I want to make impact, but not be known for it

Once a long time ago, I awkwardly answered the question of what I wanted to do in my life to a coworker as we walked across the street in San Francisco.

I felt embarrassed sharing it, because it felt so unrefined and unachievable. Worst of it all, it sounded so egotistical, because I don’t know if I had the ability to even do it.

What I said was some version of the following:

To change the world. To get people to think, “You know, I thought about that before.” Not to be in the spotlight of that. It can’t just be product design, but to create something that changes someone’s perspective of the world. Maybe it’s through stories or essays. Maybe it’s visual arts. Something like that. But I don’t want my name attached. I want to be behind the scenes, noticing the change. The grand change.

And I often followed up with how the work of user experience won’t be able to quite achieve that. Because people will never notice that their lives have changed with user experience. It’s just simply better and folds into all the consumer technology. There’s no gratitude. There’s just this slow burn across years of convenience.

So now days after the election, what do I do now? Have I made the right choice? Have I?

The day after

I would like to say: I bleed only blue.

What will I say about this election a decade later? That we all survived? That we are better now. That it bought some important topics and groups to the surface? That it changed American politics? That’s the optimistic view.

But then there’s the cynical view. Will I be thinking of the terrorist attacks that happened? The recession that may fall? That the Obama legacy has been all but erased? That Roe vs. Wade is overturned? That we are left in shambles and that America lost its true greatness?

What will happen now? What will we do now?

I took the adventure and ended up where I began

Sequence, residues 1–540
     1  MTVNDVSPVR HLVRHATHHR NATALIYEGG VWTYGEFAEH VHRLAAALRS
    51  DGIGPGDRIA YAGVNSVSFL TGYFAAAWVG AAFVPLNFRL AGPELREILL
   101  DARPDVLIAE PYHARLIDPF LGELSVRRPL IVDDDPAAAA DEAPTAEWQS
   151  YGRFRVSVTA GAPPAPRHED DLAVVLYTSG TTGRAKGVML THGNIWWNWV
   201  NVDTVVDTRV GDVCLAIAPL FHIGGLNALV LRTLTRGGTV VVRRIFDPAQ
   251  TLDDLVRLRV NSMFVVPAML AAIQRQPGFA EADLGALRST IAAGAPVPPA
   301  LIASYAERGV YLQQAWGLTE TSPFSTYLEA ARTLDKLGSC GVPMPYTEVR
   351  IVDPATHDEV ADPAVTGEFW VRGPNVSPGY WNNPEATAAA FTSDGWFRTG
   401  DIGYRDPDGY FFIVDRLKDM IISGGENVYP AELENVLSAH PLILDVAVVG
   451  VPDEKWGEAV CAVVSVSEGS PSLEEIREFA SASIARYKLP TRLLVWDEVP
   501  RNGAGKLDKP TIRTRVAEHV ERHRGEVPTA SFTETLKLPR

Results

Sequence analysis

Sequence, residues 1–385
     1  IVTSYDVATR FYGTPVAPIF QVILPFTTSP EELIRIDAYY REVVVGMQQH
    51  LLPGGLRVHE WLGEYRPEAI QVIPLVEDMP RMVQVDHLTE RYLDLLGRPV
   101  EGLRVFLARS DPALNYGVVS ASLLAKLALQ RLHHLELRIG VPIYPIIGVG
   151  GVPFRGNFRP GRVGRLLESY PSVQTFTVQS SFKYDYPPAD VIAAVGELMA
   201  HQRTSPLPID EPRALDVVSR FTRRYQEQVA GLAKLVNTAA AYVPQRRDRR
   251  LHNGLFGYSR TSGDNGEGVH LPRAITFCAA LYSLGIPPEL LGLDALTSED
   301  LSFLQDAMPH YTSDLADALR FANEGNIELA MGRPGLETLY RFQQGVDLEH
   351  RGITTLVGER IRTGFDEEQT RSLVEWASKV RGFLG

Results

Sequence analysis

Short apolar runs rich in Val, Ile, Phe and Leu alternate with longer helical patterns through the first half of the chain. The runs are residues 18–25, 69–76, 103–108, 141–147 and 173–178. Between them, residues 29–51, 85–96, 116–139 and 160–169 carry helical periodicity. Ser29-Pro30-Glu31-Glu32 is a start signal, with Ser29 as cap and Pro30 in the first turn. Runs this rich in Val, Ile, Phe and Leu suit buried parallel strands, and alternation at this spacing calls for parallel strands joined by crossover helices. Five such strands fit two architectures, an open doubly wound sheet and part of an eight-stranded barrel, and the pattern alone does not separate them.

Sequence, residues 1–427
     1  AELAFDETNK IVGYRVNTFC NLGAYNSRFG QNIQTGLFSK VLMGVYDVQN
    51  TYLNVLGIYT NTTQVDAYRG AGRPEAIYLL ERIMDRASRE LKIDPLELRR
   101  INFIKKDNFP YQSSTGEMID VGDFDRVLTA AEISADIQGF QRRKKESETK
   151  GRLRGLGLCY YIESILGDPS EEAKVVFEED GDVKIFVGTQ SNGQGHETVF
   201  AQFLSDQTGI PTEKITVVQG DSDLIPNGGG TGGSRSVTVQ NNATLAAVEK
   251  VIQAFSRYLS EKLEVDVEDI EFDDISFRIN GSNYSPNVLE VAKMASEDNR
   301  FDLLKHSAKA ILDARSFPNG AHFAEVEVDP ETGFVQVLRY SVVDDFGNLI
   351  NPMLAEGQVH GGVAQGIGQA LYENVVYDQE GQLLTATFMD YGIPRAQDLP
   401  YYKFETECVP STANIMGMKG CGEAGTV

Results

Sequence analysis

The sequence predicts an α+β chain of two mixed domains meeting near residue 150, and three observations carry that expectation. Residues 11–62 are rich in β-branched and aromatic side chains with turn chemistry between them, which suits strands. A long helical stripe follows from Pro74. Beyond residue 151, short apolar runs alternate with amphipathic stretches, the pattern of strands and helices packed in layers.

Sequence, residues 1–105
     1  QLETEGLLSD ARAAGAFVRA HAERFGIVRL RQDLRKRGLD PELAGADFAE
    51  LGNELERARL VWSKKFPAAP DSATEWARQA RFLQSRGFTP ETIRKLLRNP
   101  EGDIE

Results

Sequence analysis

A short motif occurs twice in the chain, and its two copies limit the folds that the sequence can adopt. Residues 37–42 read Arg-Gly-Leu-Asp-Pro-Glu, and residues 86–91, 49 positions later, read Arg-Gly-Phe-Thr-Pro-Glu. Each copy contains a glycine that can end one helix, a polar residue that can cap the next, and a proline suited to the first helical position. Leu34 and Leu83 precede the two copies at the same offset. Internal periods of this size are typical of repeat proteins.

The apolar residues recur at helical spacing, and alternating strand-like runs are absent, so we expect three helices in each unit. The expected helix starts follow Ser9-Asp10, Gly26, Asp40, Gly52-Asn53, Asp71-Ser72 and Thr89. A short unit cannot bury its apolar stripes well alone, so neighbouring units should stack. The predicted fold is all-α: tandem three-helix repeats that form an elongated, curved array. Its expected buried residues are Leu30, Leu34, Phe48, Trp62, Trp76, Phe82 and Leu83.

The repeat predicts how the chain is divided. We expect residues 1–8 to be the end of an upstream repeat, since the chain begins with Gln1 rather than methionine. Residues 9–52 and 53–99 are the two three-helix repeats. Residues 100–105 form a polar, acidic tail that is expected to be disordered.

It could have been worse. Like stranded.

I had decided a long time ago that the worst thing to happen is not have tried at all. So when there’s an opportunity, when the alternative is inaction (due to laziness), the right answer is always to exert all the energy to the time-consuming choice.

So that’s how I ended up waiting for the bus at 6 pm on Broadway in Rochester. Almost 90 minutes earlier, I ran into a nearby credit union, grasping a five-dollar bill. I looked hopefully to the teller, a middle-aged woman that had just spent time chatting with a customer. Thoughts around how I wasn’t a credit union member and how I didn’t want to cause trouble circled around my head. “Can I get singles with the five?” I said with a hopeful smile.

“Of course!” she said and counted out five one-dollar bills.

I grasped it and jubilantly went back to my hotel to drop off my stuff and catch a rest. Then shortly before 6 pm, I waited at the bus stop. The clearly marked one. When the bus arrived, just one minute behind schedule, I pushed the dollar bills into the machine and said thank you to the driver. I had done it. I messaged Chris and told him about my success—I figured out the bus system! And the bus was on its way.

I watched as fellow customers, likely people who missed the official company shuttle traveled to the far off parking lot. They stumbled out to their car in the darkened parking lot. Then the bus went. I studied all the suburban sprawl—parking lots surrounding chain stores. Everything was out here.

And then I saw my destination approach on the map. About 2 minutes, 1 minute. So I pulled the stop signal. “There’s no place to stop!” the bus driver said. “I am going to St. Mary’s!”

I was about to speak, “Just drop me off anywhere.”

Another woman spoke up first, “But that’s where I was supposed to go.”

“Nope, you just have to wait.”

So the bus passed past my destination. A write-up. And I switched gears and started steaming. The bus rolled down the highway at full speed. No stopping here. Soon I realized that I couldn’t get back. There wouldn’t be time. And I was pissed. A taxi was too much. No such thing as uber and lyft here. The bus returned close to where I had started. I couldn’t mumble a sign of thanks as I stumbled into the night.